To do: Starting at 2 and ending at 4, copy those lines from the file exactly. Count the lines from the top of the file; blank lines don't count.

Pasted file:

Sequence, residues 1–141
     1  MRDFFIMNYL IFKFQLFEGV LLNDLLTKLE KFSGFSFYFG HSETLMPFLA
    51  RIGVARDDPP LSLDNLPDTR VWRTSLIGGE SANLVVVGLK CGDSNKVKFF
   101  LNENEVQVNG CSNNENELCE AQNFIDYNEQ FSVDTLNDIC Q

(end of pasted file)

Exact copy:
     1  MRDFFIMNYL IFKFQLFEGV LLNDLLTKLE KFSGFSFYFG HSETLMPFLA
    51  RIGVARDDPP LSLDNLPDTR VWRTSLIGGE SANLVVVGLK CGDSNKVKFF
   101  LNENEVQVNG CSNNENELCE AQNFIDYNEQ FSVDTLNDIC Q